Reconstructing Ancient Human and Ecosystem Responses to Holocene Climate Conditions

Science Center Objects

This research project will reconstruct Holocene climatic conditions to better understand human adaptation and response to past environmental variability. 

Greater Yellowstone Area ice patches, northwestern Wyoming

Greater Yellowstone Area ice patches, northwestern Wyoming

(Credit: Greg Pederson, USGS. Public domain.)

The investigators will use an array of archaeological materials and climate proxies from Northern Rocky Mountain ice cores to better understand human use of alpine environments during periods of environmental change.  This project will provide new insights into what the large-scale environmental changes were, how such changes impacted humans, and what strategies humans used to respond and adapt to these changes.  The project will involve a collaboration among tribal communities, universities, agencies, and land managers, with students from tribal colleges and universities being educated and trained to help constitute the next generation of researchers, natural resource managers, and educators.  Tribal elders, tribal community members, and students will be brought together to discuss the significance and meaning of the archaeological artifacts from the context of tribal oral traditions and histories and to document and share the findings.

The diverse assemblages of plant, animal, geologic, and archaeological material rapidly emerging from melting ice patches in higher-elevation areas can provide a wealth of information about past environmental conditions and human use of alpine resources.  Coupling biological and geochemical records preserved in ice patches with evidence from archaeological sites presents a rare opportunity to document and evaluate human response and adaptation to large-scale climate patterns and pronounced climate events.

Researchers retrieving ice cores from an ice patch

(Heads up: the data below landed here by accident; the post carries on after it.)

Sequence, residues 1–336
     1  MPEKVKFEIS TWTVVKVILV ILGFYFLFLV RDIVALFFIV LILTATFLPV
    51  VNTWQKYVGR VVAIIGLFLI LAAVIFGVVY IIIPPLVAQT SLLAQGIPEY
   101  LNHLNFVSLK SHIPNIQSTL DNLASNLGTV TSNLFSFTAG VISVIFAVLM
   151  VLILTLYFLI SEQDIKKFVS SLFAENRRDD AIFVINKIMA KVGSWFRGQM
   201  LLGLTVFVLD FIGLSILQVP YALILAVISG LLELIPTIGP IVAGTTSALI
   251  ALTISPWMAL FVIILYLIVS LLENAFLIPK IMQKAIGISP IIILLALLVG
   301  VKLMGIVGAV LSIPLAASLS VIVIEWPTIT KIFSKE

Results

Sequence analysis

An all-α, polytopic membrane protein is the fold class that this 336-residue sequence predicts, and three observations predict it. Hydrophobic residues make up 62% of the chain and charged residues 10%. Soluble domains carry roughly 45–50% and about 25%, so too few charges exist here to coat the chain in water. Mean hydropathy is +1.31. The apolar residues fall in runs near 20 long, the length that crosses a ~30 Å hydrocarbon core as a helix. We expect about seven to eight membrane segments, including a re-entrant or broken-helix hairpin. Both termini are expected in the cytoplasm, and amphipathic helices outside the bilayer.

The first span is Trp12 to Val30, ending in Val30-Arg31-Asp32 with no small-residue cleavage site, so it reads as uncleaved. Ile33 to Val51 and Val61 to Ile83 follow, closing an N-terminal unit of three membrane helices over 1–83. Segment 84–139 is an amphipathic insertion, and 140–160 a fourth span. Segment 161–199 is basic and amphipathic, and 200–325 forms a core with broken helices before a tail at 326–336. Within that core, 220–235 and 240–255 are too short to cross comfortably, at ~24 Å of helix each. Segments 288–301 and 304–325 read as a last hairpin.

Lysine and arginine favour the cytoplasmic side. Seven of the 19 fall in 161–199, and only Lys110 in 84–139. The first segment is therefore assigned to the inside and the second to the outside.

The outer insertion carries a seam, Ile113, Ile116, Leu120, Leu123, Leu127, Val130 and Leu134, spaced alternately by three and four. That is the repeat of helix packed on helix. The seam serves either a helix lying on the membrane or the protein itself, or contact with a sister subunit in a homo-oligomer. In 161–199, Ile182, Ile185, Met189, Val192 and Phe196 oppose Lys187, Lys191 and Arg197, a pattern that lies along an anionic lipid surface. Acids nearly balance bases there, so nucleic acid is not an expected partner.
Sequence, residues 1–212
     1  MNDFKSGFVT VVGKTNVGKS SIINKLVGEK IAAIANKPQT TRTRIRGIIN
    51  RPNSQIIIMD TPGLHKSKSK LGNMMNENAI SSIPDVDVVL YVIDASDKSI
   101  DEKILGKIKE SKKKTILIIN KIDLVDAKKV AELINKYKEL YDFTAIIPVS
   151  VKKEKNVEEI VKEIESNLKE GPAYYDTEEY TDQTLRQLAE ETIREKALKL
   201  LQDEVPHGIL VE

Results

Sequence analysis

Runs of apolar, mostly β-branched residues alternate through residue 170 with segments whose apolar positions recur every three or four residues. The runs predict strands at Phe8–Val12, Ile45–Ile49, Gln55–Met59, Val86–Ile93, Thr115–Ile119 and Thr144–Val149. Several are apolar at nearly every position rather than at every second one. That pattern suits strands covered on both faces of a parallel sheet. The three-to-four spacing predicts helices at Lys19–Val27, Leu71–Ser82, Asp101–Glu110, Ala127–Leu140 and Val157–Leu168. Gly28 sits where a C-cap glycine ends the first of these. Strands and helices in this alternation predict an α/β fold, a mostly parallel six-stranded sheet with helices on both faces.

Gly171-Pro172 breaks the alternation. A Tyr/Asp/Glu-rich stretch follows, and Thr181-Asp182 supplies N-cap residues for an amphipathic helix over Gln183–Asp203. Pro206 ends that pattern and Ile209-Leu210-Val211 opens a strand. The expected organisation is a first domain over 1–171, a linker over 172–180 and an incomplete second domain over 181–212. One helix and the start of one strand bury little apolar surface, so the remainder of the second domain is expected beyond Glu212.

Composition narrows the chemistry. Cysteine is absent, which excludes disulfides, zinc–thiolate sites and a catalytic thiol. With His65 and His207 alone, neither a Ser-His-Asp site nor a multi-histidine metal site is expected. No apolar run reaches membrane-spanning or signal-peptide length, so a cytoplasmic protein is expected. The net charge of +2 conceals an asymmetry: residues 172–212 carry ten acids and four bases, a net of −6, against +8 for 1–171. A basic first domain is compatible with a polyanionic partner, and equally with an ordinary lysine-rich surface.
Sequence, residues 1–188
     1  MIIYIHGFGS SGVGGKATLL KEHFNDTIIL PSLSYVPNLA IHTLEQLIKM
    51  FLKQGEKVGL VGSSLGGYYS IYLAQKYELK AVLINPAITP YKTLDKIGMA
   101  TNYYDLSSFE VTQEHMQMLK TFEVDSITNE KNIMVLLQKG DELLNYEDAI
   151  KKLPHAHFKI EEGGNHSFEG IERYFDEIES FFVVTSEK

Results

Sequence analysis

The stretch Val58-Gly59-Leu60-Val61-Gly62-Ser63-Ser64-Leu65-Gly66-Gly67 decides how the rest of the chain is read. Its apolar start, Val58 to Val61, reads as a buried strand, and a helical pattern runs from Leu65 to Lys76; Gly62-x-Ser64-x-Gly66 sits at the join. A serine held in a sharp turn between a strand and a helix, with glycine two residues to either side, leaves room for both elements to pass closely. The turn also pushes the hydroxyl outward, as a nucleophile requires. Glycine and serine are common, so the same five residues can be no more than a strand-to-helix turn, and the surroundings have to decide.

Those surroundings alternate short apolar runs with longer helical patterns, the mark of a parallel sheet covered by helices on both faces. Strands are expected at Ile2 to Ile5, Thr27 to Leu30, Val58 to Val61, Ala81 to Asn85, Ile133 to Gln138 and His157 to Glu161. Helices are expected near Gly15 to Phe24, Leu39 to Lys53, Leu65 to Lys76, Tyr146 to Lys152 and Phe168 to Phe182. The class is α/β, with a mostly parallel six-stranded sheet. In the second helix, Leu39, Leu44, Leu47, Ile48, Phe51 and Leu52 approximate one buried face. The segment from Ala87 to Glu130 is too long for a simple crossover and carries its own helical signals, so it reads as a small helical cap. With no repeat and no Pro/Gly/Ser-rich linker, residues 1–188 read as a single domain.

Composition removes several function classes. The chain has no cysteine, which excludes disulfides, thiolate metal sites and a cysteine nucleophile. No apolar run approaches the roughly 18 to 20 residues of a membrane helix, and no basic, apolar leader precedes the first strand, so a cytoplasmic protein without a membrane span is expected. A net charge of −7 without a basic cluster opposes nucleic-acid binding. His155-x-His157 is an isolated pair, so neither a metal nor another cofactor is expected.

Researchers retrieving ice cores from an ice patch located on the Beartooth Plateau, Wyoming. 

(Credit: Greg Pederson, USGS. Public domain.)

Research Questions and Objectives

The research focuses on four core questions:

  1. What is the long-term climate history of high-elevation regions, and how do they reflect large-scale patterns in the climate system? 
  2. How did changes in climate and environmental conditions influence human and animal use of the alpine zone? 
  3. What were the long-term strategies of indigenous North Americans in response to extreme droughts and cold, wet periods? 
  4. What do the array of materials exposed from melting ice patches reveal about human capacity for change? 

These questions will be addressed by evaluating archaeological artifacts, ancient wood, and environmental and climatic proxies (e.g., oxygen isotopes, black carbon, continental dust, charcoal, and pollen) found frozen in ice cores within ice patches.  The ice-core reconstructions will be compared with records of past hydroclimatic changes from adjacent lake-sediment sites.  A subregional index of intensity of human use will be developed by documenting temporal intervals of increased presence/absence and abundance of archeological materials.  The project's research outcomes will provide new information about human response to climate and environmental change, thereby advancing basic understanding of the resilience of socioecological systems.